To be ‘just’ means to be fair, to operate in a way which gives everyone equal value and equal rights, rather than being discriminatory. Christians believe that God is just. However, it does not always seem that God is just. Many Christians think that the idea of suffering as a test of faith does not fit with believing in a loving and just God. The fact that terrible things happen in the world where there is supposed to be an all-loving God is called ‘the problem of evil’. It is made worse by the fact that suffering often seems excessive and pointless. Some people argue that God is not fair or just since He allows it. (He is omnipotent, remember.) The only answer to the problem of suffering, in the view of Christian philosophers like John Hick, is that ultimately, it cannot be explained. Those who experience the love of God in other ways simply have to be prepared to accept what they cannot understand and to believe that God is indeed a God of justice.

Why it is important for Christians to believe God is just The news often makes us think there is no justice, only terrible situations in which people suffer, and wicked people get away with their behaviour. Believing in Judgement Day or the afterlife and that God is just, means that you believe these things will be addressed and made fair. The Bible portrays God as just and says that He expects believers to behave justly. This means not only treating their fellow-human beings fairly, but also doing what it takes to relieve suffering and injustice. Many Christians work for justice in society because of this. The Bible contains rules for life, such as the Ten Commandments, which believers are expected to obey. The prophet Amos told his audience to ‘let justice roll on like a river’. Jesus taught that God would judge all people according to how they had cared, or not cared, for those in need and that whatever they did for others, they did for him. He said, ‘In everything, do to others what you would have them do to you’ (Matthew 7:12).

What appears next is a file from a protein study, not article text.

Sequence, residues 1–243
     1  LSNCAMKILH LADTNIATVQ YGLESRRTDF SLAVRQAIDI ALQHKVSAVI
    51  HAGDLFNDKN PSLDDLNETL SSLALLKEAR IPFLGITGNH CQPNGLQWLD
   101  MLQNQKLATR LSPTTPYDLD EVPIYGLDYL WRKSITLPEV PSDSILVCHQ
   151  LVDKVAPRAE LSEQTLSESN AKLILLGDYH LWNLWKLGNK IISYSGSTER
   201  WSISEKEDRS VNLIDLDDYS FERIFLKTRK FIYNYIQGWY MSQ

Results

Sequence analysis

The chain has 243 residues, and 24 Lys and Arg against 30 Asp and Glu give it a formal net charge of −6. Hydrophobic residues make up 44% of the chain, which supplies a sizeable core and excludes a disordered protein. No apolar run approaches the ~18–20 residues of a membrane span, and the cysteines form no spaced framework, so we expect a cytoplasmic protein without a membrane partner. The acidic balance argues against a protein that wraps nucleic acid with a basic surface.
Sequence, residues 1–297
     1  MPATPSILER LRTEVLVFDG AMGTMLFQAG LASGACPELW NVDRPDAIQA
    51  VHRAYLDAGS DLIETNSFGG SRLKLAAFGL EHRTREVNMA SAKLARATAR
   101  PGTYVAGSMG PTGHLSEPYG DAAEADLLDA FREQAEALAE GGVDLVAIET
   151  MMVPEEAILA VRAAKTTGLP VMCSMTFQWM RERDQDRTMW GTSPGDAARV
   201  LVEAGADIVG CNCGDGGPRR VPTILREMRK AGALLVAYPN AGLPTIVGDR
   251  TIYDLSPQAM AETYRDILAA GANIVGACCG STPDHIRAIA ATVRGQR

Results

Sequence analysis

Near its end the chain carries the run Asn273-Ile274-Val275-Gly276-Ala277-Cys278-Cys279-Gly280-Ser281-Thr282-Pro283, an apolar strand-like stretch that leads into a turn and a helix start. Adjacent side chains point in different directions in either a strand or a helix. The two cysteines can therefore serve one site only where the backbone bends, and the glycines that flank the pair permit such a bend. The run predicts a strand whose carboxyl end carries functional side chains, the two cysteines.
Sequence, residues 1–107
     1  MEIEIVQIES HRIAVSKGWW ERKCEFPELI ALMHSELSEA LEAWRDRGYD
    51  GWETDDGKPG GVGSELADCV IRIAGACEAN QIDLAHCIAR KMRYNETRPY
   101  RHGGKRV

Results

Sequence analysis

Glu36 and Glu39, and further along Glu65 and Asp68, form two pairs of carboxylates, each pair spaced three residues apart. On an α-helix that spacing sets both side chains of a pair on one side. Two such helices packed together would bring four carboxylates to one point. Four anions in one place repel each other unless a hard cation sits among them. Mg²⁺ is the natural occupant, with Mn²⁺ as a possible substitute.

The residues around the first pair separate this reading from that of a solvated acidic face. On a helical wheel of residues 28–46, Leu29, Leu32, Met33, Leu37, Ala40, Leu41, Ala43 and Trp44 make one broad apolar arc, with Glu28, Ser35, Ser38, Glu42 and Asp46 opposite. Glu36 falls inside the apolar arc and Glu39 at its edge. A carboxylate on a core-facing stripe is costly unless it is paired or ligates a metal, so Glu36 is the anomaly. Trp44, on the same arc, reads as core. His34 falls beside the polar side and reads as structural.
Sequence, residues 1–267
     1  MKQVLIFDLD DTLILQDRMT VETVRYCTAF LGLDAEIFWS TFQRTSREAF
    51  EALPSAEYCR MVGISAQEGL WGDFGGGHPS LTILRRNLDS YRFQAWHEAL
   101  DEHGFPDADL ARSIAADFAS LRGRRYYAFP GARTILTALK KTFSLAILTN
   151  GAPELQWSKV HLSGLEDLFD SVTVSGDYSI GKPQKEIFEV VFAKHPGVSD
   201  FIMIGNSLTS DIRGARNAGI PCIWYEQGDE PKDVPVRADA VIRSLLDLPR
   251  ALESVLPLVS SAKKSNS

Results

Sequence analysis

The Basics 1 What do Christians mean when they say God is just? 2 How might Christians reflect this belief in justice in their lives? 3 Explain, giving two reasons for each, why some people think that God is not loving and not just. 4 Explain how Christians might argue against these views.

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l You shall have have no

Gods before me l Do not make false idols l Do not misuse the name of the Lord l Keep the Sabbath holy l Honour your parents l Do not kill l Do not commit adultery l Do not steal l Do not tell lies l Do not covet

The Ten Commandments (Exodus 20:1–17) – which ones might promote justice?

The study of religions 2 Islam

Topic 1.1 Beliefs and teachings

The life of Prophet Muhammad Why Muhammad

was chosen to be the Prophet of Allah

You have probably studied the life of Prophet Muhammad already in previous lessons and so already know the key events like his early childhood, his meeting with Angel Jibril, his work in Makkah, the Hijrah, his migration to Madinah, the battles to retake the city of Makkah and his death. Makkah and Madinah are cities in modern-day Saudi Arabia. If you are not aware of any of these key events, use the internet to research them. Jot down what you do not know. What you need to do as part of this course, is to look at the importance of Prophet Muhammad for Islam at the time and for Islam today. In 610ce, at the age of 40, Muhammad was called to serve Allah. Why Muhammad though, and why at this point? Muhammad had a tough life, he never knew his father because he had died before Muhammad was born. He became an orphan at age six when his mother died, and he had to grow up very quickly, earning his keep by looking after his grandfather’s sheep and then working as a merchant for his uncle Abu Talib. Many boys might have struggled with this. For Muhammad it made him stronger, developing characteristics in him such as